13. Major causes of death (contributions to these illnesses)

• Heart Disease

o Atherosclerosis: a cholesterol/triglyceride plaque forms (blocks) o Hypertension

• Stroke

• Cancer

o Lung

o Colon

14. Define gerontology

• Gerontology: the study of old age

15. Stability vs. change in personality

• Basic personality traits remain stable (agreeableness, satisfaction, intellect,  extroversion, energy, acceptance of change)

16. Robert Peck’s theory, Erickson’s Theory (last stage), Selectivity Theory • Robert Peck 

o Ego Differentiation vs. Work-role Preoccupation: the theory that  those in old age must redefine themselves in ways that do not relate to  their work roles or occupations

o Body Transcendence vs. Body Preoccupation: a period in which  people must learn to cope with and move beyond changes in physical  capabilities as a result of aging

▪ Knowing what you can and can’t do anymore

o Ego Transcendence vs. Ego Preoccupations: the period in which  elderly people must come to grips with their coming death

▪ “I don’t have time to do anything” vs. “I have time to make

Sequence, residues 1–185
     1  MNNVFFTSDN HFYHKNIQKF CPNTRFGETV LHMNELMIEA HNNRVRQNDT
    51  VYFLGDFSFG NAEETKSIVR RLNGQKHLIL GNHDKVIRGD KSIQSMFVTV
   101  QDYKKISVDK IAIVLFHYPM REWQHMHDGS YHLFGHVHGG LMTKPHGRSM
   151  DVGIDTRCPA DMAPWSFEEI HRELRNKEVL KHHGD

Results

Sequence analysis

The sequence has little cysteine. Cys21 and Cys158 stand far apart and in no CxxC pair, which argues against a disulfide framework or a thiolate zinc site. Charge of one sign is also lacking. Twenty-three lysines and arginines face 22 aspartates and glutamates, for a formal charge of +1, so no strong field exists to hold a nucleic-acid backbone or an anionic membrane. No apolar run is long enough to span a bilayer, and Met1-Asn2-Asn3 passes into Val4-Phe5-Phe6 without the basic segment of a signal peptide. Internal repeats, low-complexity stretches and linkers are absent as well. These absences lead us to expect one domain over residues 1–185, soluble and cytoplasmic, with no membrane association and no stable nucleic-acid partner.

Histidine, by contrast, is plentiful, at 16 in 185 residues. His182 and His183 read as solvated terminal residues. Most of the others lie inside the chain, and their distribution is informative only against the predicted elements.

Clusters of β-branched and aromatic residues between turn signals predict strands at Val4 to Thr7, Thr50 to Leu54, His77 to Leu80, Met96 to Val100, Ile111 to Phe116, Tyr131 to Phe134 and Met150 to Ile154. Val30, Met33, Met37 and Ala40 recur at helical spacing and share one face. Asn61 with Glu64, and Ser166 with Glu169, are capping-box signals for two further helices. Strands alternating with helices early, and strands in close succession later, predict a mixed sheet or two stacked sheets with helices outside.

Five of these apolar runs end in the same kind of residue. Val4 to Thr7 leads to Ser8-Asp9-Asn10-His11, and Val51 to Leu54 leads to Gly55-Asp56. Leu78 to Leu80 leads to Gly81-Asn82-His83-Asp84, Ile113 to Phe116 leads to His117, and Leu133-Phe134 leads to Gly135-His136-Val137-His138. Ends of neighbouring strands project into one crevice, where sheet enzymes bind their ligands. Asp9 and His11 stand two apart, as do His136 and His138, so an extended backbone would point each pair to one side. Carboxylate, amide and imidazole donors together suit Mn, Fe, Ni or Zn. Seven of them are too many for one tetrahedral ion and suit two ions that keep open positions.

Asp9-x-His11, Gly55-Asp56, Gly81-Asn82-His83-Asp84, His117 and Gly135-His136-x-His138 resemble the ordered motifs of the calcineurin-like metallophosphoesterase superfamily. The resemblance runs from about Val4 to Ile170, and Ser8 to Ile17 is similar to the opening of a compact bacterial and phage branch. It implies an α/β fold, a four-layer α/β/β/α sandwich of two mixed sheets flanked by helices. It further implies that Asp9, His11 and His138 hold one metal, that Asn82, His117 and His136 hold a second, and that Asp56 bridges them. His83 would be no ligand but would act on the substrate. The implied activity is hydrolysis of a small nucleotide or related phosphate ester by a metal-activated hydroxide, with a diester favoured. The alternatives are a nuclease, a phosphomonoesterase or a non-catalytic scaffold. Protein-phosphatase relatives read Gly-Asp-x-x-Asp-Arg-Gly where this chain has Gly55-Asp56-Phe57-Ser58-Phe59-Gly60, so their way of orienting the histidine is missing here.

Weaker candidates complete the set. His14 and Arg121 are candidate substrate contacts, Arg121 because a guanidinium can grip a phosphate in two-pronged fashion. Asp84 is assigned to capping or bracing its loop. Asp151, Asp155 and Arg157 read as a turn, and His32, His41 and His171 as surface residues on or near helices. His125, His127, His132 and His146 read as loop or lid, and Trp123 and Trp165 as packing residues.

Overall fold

meaning of my life”

• Erik Erikson 

o Ego Integrity vs. Despair: characterized by a process of looking back  over one’s life, evaluating it and coming to terms with it

▪ I met my goals vs. I didn’t and now I’m sad and regret it

• Selectivity Theory 

o Social networks become more selective as we age

o Don’t need social interaction in the same way that young people do ▪ Information

▪ Affirmation

17. Grandparenting (3 styles, benefits for grandchildren, trends in relationships) • Involved: actively engaged in grandparenting and have influence over their  grandchildren’s lives

o Hold clear expectations about the ways their grandchildren should  behave

• Companionate: more relaxed; act as supporters and buddies to their  grandchildren

• Remote: detached and distant, and they show little interest in their  grandchildren

18. Functional death/Brain death

• Functional death: the absence of a heartbeat and breathing (can be reversed  with CPR)

• Brain death: a diagnosis of death based on the cessation of all signs of brain  activity, as measured by electrical brain waves

19. 3 concepts of death 

• Permanence

• Universality

• Non-functionality

20. Child, adolescent, and adult concepts of death (and perspective towards death) • 2 to 6 year olds

o View death as temporary and reversible

o May APPEAR unaffected by the death of a loved one

o May take responsibility for the individual’s death

o Develop a concept of death = age 5

• 6 to 9 year olds

o May take responsibility for death of someone else